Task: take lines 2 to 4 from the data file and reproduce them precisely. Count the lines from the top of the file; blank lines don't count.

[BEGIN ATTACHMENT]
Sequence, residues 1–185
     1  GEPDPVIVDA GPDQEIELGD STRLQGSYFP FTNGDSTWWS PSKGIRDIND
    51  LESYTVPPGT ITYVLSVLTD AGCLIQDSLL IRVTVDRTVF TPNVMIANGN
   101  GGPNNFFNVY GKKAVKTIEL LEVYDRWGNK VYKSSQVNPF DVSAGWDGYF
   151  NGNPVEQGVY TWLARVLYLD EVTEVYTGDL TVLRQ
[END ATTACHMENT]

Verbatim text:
     1  GEPDPVIVDA GPDQEIELGD STRLQGSYFP FTNGDSTWWS PSKGIRDIND
    51  LESYTVPPGT ITYVLSVLTD AGCLIQDSLL IRVTVDRTVF TPNVMIANGN
   101  GGPNNFFNVY GKKAVKTIEL LEVYDRWGNK VYKSSQVNPF DVSAGWDGYF